While it would be wishful thinking to hope for the ICC to change its stance in the near future, this result has the potential to serve as a shot in the arm for Namibian cricket. Such a landmark win over their celebrated neighbours who were defending the title can do wonders to the profile of the game in the country.

  Interestingly, this is not the first time that Namibia Under-19 have collected a big scalp on the world stage. Back in the 2002 edition in New Zealand, they had beaten Sri Lanka by four wickets. Pace bowler Burton van Rooi – who was to play for the senior side in the 2003 World Cup – was the hero of that game with 4/27.

  Namibia will now face heavyweights India in the quarterfinal on the coming Saturday. The Under-19’s success story has come as a ray of positivity to the country’s cricket fraternity, which was jolted by the unfortunate death of their star batsman Raymond van Schoor last November.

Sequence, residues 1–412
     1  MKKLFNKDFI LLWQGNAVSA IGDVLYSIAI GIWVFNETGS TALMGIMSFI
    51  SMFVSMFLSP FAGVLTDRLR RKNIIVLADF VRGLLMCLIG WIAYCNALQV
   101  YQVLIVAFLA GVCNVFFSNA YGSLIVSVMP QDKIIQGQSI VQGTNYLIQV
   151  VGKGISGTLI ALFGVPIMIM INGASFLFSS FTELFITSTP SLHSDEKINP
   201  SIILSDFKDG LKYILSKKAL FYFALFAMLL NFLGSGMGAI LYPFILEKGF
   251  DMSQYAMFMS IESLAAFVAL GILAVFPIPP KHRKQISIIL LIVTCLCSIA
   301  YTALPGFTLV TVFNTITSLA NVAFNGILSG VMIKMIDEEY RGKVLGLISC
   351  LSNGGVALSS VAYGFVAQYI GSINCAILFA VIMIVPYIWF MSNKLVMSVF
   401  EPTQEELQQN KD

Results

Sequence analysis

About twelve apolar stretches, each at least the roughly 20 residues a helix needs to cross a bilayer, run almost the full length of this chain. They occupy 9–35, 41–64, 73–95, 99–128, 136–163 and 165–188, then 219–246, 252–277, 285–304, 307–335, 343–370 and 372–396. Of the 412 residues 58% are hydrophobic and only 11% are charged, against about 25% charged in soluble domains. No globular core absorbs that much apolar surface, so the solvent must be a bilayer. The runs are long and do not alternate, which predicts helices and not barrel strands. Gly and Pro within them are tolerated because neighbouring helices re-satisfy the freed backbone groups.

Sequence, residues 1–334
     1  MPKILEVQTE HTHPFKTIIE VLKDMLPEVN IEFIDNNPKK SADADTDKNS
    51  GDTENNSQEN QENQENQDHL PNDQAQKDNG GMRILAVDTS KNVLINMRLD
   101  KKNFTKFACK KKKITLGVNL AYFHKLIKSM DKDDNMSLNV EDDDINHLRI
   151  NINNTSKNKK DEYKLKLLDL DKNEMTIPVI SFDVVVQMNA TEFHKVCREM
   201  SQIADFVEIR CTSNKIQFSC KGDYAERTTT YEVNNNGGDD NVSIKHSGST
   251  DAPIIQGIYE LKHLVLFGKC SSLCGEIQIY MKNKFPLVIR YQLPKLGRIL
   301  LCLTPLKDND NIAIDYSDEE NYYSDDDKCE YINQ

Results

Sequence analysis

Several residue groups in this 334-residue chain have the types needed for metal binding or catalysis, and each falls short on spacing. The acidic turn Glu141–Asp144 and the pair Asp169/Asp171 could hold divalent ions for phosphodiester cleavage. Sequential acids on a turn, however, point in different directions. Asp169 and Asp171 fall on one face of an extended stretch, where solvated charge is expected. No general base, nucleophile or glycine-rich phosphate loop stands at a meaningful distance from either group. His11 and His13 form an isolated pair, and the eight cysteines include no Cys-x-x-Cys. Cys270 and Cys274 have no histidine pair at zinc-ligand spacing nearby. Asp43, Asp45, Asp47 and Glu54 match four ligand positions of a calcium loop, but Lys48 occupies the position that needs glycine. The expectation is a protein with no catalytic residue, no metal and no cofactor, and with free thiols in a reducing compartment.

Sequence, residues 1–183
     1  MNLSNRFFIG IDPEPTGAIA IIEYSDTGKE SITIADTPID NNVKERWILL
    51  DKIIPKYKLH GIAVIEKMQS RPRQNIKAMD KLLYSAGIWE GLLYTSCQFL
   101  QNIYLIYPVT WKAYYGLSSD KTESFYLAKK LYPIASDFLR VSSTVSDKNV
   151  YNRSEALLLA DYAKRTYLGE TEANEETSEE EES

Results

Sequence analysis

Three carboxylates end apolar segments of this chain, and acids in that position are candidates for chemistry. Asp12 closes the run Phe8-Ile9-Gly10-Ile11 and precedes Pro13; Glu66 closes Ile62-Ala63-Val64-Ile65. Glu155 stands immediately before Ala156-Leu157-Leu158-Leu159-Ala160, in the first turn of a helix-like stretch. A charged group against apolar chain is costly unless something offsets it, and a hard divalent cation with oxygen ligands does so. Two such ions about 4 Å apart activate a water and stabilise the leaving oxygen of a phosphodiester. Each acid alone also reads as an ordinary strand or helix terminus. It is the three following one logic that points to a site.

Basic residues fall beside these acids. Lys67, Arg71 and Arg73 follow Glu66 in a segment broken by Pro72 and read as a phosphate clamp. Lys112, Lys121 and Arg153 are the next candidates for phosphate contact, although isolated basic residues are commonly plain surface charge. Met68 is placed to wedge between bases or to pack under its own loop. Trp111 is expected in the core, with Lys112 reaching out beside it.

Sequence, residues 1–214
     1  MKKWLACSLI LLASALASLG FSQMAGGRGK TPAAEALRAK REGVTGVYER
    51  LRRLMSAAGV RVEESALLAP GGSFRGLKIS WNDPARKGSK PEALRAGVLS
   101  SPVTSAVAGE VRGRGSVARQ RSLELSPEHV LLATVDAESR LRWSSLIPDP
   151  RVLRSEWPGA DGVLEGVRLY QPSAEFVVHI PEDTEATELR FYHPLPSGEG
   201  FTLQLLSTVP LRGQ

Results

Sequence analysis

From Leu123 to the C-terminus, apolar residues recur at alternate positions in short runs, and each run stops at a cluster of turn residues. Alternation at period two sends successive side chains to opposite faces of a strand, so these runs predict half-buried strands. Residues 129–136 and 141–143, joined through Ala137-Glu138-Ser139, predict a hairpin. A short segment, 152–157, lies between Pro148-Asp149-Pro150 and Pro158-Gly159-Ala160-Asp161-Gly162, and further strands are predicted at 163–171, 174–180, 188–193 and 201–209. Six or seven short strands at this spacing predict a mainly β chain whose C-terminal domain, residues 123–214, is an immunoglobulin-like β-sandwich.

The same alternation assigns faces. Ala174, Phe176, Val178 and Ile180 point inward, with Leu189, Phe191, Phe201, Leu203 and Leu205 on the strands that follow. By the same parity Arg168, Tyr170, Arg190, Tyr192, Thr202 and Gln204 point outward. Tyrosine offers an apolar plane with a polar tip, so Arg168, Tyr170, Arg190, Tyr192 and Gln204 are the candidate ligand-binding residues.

Moreover, earlier in 2015, the senior side had missed out on a spot in the World Twenty20 by a whisker when they were knocked out by Oman in a must-win game at the qualifying tournament. This loss also meant that they squandered a chance to secure full T20 international status.

  Namibia’s win against South Africa was preceded by a comprehensive nine-wicket defeat of Scotland, and thus an eight-wicket defeat in the final group game against hosts Bangladesh did not have any bearing on their passage to the next round.

  Irrespective of how the Namibians perform in the quarterfinal against India, they have done enough to prove that if given adequate opportunities, there is no reason why a supposed underdog team cannot achieve success against more experienced opposition.